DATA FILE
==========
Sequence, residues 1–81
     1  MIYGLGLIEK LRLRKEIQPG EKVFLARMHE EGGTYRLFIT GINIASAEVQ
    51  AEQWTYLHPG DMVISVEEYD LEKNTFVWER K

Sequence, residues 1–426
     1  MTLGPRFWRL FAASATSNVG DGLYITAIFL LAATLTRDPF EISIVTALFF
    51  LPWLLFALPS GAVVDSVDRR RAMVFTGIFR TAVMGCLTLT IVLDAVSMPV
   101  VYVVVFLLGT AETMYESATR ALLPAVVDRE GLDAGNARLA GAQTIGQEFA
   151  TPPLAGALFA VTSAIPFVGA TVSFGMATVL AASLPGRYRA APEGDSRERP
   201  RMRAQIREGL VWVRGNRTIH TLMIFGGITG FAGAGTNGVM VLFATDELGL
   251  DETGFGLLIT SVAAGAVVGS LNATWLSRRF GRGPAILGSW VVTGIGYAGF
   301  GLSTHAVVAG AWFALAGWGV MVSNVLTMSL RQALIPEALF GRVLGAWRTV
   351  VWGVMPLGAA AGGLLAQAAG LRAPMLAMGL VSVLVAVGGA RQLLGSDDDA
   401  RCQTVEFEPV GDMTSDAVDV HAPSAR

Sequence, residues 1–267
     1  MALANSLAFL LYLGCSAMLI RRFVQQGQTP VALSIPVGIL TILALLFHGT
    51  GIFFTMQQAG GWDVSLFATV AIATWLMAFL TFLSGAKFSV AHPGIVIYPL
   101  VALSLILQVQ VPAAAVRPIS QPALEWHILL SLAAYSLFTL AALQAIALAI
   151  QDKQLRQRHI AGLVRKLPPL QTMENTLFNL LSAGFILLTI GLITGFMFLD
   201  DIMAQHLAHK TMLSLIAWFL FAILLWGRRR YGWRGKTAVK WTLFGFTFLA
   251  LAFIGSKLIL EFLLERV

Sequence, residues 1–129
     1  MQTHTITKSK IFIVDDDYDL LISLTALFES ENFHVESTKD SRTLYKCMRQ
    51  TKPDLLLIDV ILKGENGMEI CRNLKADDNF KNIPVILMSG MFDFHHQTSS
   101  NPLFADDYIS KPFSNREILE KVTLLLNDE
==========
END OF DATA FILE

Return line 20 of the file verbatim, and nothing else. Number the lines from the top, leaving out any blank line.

   251  LAFIGSKLIL EFLLERV